How to Feng Shui Your Home
The interior design industry has embraced the ancient Chinese practice of Feng shui to help people to tap into the energy of their space.
Feng shui harnesses different kinds of energy for balance and inner peace. Key in the orientation and design of historic buildings, it lends itself to interpretation within the home.
What is Feng Shui?
The ideas of Feng shui revolve around the belief of an invisible life force, known as qi (chi), which binds humans and objects with the universe. This force is primarily represented by five elements: fire, earth, water, metal and wood (the term Feng shui translates as ‘wind water’).
By following the beliefs of Feng shui, it was believed people could harness positive life forces to bring harmony and improve different aspects of their life such as good health, wealth and happiness.
Also known as ‘Pa Kua’, the Bagua is a wide-ranging cosmology chart that embodies the fundamental principles of reality through nine concepts commonly associated with different parts of our lives including wealth, family, career and knowledge.
It’s believed you can harness its potential to unlock different life energies by placing items strategically in your space in accordance with Bagua.
Feng shui incorporates the concept of commanding positions. At its heart, this means the most important fixtures in a space should face the door, which is the entry point of qi, but not be directly in its line.
A desk placed facing a window within sight of a door is in a position of power and believed to thereby promote productivity. However, in the bedroom, your bed should be at a right-angle to the entrance, not directly opposite.
If commanding positions are difficult to achieve in any room, a mirror can be utilised to enable viewing of the doorway indirectly.
Arguably the most critical factor when it comes to Feng shui is balance. What this means when designing a room is prioritising scale in your choice and arrangement of furniture.
In a living room, the largest item (often the sofa) should be the correct scale for the space and positioned on the opposite side of the room from the entrance with its back parallel to a wall (although not directly opposite the entrance of the room). Other key pieces like chairs and side tables should be strategically close to encourage conversation without becoming obstacles to free movement.
In your kitchen or dining room, the dimensions and shape of your dining table need to be carefully considered so that it is neither so small as to look lost nor so large as to make it difficult to navigate around. A stylish Oriental rug placed beneath the dining table can ground the room and make it feel more intimate.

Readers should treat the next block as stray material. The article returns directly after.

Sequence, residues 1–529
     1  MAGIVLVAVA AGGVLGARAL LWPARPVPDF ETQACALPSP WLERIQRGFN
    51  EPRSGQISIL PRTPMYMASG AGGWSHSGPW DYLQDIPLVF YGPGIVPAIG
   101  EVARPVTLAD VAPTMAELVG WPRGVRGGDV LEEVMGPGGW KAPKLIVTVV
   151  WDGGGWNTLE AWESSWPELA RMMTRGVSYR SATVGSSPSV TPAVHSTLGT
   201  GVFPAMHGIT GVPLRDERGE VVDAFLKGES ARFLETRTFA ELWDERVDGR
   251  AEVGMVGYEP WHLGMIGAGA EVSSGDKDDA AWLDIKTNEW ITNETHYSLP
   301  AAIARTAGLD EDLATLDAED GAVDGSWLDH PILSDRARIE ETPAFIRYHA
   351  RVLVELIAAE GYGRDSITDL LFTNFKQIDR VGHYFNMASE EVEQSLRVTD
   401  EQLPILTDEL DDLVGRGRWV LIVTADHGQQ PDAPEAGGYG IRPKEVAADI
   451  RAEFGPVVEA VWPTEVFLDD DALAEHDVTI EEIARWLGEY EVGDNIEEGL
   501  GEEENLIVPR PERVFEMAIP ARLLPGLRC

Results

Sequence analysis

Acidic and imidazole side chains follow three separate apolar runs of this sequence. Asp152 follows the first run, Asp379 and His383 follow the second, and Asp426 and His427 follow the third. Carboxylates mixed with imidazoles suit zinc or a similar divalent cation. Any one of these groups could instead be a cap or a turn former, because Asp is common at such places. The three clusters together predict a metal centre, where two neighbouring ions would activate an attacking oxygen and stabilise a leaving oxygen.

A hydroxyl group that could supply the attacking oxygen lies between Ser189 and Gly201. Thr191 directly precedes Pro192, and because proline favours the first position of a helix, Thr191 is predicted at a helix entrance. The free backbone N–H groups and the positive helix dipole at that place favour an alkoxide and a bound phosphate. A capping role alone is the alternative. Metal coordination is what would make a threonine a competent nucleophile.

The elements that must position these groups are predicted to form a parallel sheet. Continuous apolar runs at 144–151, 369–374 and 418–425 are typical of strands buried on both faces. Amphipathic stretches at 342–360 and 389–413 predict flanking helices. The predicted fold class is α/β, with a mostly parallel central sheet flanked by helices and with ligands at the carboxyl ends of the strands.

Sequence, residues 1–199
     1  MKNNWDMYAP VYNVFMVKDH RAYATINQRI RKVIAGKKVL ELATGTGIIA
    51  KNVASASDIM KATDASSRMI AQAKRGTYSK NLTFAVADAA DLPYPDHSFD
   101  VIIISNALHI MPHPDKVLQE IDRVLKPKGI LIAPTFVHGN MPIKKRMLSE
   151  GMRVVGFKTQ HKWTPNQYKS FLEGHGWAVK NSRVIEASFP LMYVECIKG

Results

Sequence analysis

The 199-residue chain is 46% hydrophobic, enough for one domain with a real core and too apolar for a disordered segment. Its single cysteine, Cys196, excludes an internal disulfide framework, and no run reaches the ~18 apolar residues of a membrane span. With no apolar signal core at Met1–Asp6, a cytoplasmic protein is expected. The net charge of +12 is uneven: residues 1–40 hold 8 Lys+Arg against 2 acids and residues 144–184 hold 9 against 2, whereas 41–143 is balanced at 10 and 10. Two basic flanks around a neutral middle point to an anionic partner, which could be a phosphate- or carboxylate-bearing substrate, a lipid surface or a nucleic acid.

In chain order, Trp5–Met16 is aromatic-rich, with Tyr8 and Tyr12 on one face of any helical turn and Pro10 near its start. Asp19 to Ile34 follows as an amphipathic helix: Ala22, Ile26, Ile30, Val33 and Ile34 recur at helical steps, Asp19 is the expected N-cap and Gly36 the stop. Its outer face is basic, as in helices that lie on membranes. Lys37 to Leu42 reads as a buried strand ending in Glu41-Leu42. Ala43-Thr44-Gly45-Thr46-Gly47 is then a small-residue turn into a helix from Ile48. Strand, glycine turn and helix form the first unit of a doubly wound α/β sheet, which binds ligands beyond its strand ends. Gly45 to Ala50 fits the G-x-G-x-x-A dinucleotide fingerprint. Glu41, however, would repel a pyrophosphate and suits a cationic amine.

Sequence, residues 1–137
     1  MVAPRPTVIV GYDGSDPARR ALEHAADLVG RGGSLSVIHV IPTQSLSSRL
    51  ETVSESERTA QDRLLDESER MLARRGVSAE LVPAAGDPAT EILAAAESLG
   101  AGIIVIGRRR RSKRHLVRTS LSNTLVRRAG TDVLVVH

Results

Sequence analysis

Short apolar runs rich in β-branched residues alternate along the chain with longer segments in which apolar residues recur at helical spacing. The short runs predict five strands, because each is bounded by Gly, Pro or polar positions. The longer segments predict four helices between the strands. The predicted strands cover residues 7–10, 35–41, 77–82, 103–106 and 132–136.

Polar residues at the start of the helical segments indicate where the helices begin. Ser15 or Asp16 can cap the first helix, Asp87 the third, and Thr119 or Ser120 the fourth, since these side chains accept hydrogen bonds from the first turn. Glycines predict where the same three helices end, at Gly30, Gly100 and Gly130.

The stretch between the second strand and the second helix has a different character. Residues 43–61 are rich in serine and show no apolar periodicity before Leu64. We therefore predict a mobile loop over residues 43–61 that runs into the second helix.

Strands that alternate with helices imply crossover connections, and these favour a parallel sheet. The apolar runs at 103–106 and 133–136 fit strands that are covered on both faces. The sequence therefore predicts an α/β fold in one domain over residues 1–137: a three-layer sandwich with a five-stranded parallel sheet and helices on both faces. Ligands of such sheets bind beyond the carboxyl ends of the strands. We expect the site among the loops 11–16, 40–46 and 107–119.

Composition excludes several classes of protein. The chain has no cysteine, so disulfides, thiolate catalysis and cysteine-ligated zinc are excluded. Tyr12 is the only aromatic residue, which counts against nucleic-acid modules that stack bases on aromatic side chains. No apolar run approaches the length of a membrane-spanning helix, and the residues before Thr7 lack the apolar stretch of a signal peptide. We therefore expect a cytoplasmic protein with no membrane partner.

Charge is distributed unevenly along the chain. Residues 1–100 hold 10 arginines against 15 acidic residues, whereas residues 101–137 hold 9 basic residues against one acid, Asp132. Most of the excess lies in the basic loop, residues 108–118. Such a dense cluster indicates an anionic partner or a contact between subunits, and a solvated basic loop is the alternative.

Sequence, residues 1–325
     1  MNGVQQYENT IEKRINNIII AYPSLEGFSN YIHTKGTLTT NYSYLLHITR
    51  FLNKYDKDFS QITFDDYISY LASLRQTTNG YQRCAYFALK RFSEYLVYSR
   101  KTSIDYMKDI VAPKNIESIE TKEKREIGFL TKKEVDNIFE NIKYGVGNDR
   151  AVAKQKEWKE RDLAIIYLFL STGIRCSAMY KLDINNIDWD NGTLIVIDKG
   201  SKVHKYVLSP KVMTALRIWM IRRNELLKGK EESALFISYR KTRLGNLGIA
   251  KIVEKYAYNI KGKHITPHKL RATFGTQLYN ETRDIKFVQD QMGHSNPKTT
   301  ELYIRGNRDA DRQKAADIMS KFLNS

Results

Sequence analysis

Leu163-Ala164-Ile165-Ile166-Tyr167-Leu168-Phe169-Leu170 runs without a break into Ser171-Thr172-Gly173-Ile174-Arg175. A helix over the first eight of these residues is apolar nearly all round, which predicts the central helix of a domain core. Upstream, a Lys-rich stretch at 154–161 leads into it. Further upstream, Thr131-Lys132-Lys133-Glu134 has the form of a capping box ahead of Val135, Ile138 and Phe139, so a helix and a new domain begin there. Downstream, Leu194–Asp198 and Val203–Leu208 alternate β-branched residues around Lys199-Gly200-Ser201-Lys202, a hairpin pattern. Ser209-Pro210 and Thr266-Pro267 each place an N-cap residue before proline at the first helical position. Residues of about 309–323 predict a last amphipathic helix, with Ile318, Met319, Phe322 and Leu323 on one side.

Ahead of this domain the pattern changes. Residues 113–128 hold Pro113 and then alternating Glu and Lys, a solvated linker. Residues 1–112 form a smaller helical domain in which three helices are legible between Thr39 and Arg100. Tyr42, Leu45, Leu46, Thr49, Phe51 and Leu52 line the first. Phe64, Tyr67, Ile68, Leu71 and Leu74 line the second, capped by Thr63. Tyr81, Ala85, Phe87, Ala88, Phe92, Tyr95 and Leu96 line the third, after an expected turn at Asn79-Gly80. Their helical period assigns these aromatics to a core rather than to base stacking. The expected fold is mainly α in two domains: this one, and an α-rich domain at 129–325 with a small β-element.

Feng shui balance can be achieved in a bedroom with a pair of matching cabinets each side of the bed topped with identical lamps. It’s important to create walking space on each side of the bed to help flow in the room.
Incorporating Feng Shui in The Home
By utilising the key principles of Feng shui, balance and positive energy can be harnessed across the home. The five key elements can be brought into every room in the form of furniture and furnishings, while colours can also be used to promote positive energy.
Our collection of copper and zinc-alloy-topped console and dining tables are ideal in that they incorporate two elements, metal and wood. Candles represent fire and a mirror is a perfect metaphor for water, reflecting light and bouncing energy back into the room.
Earth can be represented by introducing house plants to your scheme, which also purify the air and the energy. Wallpaper, fabrics and accessories like cushions featuring natural scenes or motifs can also be introduced.
One of the most important elements in improving energy flow in your home is to get rid of clutter. Ensure the top of your desk is at least 50% clear by purging it of old paperwork and superfluous stationery.
In sleeping areas, clear dust and debris from beneath beds. Give away clothes in your wardrobe that you haven’t worn in more than a year. Don’t cramp your space – your aim is to allow the energy to flow to optimise your physical and mental health.
Colour is another way of incorporating the five key elements of Feng shui.
Blue and black represent water, metal comes in grey or white, browns and greens are earth tones.
Red represents fire: it invigorates and, in the bedroom, increases desire.
Feng Shui in the Living Room
When it comes to Feng shui in the living room, location can have a significant impact. The room should not be too deep inside the house, ideally with two external walls for energy to flow into and seating to accommodate everyone comfortably.
The placement of various key fixtures can also have an impact on the room’s qi. For example, a TV placed in the north of the room is said to improve luck in your career!
Feng Shui in the Kitchen
The kitchen is a hugely important space when it comes to Feng shui, as it represents the health of everyone in the home.
An important rule is the balance of the elements and the separation of fire and water. Ensure the sink is positioned well away from the oven - which should be in a command position to enable you to cook while facing the door.
An island with inbuilt cooker is ideal: it promotes togetherness because people can gather around.
We wish you good luck in introducing Feng shui to promote positive energy throughout your home! If you want to discover more inspiration, check out our blogs on ways to decorate your home with plants and how colour in your home can affect your mood.